Consumers are finding it difficult to get a fair deal on vital gas and electricity, with energy retailers and commercial comparison sites under fire for alleged dodgy tactics.
Some of Australia’s biggest energy retailers have been accused of overcharging consumers, with government regulators in the midst of a crackdown on unscrupulous billing practices.
Debate over complexity and rising costs in the deregulated energy market is heating up as the federal election looms, with consumer advocates calling for greater transparency and an end to unfair billing tactics, such as so-called pay-on-time discounts.
On Friday, the consumer watchdog lodged Federal Court proceedings against consumer comparison site iSelect, with the site accused of making “false or misleading” claims about the independence of its energy comparison service.
The site “did not compare all available plans, and did not necessarily recommend the most competitive plan” when customers compared their energy plans through the site, despite its promises to compare all plans from partner retailers “in a specific location”, the Australian Competition and Consumer Commission (ACCC) said.
Earlier this month, the Federal Court hit Click Energy with a $900,000 fine for making “false and misleading” marketing claims about potential discounts and savings available to Victorian and Queensland consumers through the use of the controversial practice.
Consumer groups have slammed pay-on-time discounts as “late payment penalties masquerading as discounts”.
Click Energy, owned by budget telco Amaysim, was found to have misled consumers by telling them they could get discounts of between 7 and 29 per cent under its market energy offers if they paid their bills on time.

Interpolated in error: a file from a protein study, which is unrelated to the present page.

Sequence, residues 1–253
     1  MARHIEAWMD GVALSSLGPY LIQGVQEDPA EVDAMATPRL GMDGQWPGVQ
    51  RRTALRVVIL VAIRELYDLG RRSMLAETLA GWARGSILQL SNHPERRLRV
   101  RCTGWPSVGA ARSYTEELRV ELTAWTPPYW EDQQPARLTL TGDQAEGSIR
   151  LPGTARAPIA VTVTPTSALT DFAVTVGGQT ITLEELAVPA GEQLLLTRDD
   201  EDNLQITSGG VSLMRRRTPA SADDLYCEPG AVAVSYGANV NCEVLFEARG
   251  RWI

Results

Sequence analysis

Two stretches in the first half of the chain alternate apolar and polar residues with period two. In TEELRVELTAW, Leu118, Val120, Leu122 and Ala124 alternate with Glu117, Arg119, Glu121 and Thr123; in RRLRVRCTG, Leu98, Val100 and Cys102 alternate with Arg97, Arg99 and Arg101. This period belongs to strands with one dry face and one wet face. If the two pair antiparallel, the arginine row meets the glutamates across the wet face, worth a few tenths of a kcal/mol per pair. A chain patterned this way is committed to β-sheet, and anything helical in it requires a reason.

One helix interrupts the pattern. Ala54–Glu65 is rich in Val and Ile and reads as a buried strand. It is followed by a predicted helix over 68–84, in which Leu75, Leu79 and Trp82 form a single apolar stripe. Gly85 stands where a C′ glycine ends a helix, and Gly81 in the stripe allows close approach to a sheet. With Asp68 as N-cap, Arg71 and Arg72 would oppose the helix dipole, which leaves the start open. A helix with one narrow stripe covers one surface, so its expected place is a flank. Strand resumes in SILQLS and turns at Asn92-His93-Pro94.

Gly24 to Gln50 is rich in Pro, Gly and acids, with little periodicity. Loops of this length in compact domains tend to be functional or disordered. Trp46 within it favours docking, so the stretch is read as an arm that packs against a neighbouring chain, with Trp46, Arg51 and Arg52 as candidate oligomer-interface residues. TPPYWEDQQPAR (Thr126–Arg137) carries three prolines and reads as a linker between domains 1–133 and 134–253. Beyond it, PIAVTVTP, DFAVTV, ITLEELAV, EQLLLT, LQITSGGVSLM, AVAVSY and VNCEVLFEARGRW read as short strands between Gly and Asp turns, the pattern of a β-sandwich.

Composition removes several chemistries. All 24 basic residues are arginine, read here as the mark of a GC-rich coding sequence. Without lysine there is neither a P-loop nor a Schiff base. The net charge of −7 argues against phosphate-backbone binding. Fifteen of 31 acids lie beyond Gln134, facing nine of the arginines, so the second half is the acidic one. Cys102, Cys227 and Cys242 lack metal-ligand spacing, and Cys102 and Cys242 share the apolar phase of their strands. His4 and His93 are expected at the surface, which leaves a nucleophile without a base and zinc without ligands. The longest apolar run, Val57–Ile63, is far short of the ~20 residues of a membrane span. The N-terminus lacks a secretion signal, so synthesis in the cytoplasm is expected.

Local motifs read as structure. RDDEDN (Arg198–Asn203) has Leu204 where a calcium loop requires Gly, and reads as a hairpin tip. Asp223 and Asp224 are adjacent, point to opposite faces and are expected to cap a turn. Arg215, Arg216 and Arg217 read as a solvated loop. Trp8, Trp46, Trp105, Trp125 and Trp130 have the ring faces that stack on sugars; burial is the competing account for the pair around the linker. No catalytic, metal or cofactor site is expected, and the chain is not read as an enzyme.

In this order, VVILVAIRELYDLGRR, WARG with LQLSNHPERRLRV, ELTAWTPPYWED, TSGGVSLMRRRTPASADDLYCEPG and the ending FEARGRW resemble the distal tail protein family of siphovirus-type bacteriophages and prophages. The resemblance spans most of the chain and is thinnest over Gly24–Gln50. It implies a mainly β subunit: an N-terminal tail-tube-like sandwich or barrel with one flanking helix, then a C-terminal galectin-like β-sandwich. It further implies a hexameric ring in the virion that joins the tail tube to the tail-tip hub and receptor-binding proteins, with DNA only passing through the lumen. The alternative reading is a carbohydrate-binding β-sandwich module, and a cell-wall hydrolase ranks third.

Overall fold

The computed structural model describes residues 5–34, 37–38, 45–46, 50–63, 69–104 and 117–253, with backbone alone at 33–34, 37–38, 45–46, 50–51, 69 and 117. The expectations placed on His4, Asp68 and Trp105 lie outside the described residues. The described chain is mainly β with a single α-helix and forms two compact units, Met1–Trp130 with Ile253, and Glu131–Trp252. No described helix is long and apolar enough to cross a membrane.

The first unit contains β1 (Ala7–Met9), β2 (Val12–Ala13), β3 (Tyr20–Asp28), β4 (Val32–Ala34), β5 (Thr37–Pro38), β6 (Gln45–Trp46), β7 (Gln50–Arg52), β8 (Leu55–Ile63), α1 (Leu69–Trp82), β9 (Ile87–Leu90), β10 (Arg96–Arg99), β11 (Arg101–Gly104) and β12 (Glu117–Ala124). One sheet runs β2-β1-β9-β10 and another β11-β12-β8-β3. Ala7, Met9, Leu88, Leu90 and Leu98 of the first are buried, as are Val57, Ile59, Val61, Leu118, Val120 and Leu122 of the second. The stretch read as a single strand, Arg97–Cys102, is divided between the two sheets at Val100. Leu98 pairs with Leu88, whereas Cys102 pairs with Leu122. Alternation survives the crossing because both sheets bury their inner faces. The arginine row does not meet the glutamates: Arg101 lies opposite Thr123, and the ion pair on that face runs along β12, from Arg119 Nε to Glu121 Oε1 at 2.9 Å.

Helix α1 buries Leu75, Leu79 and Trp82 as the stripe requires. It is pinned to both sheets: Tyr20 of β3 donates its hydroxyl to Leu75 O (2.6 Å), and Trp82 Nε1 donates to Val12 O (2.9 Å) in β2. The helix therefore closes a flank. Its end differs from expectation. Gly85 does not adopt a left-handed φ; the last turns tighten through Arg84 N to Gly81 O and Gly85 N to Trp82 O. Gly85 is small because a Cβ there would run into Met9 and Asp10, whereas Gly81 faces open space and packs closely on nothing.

However, the discounts were calculated on the company’s market-offer rates, which were higher than its standing-offer rates available to all consumers, meaning that in some cases consumers effectively received no discount at all.
Tackling confusing and non-transparent pricing of essential services such as energy and telecommunications was announced as a priority for the ACCC in 2019.
The retail electricity market is already too complex and opaque for many households to navigate and get the best deal,” ACCC Commissioner Sarah Court said.
“Misleading claims like those by Click Energy only make it harder for everyday consumers to make informed choices on a major household expense,” she said.
Consumer Action Law Centre chief executive Gerard Brody said deregulation of energy prices has resulted in consumers being short-changed by energy retailers.
“Price deregulation has ripped off those who are struggling to make ends meet,” he said.
“The number of households disconnected have skyrocketed.
Energy retailers have created a mess and not acted in the interests of their customers. Their profits have soared.”
How to find the best energy deal around Australia
Shopping around online can be key to finding the best deal on energy, and it’s important to consult trustworthy sources.
There are a number of reliable online tools and resources from state and federal governments that are available to help consumers debunk the jargon and complex pricing systems used by energy retailers.
In Victoria from July 1, households will be able to request that their energy retailer charge them a “default”, independently set electricity price determined by the Essential Services Commission under the Victorian Default Offer (VDO) scheme currently before state Parliament.
“Customers who have never shopped around will be transferred automatically from their present ‘standing offer’ onto the VDO from their retailer,” the ESC said.
Until June 30, the Victorian government will also pay a $50 “power saving bonus” to consumers for searching for the best gas and electricity deal via its comparison website.
In New South Wales, the state government’s Energy Switch website independently compares the best plans from all providers to help consumers switch to the best deal. It will also notify you when it’s time to review your plan.
For the rest of the country, the federal government’s Energy Made Easy website provides guidance on how to read your electricity and gas bills, compares your energy usage with others in your area, and includes a comparison tool to help you find the right plan.
The website also provides details of concessions and rebates available around the country.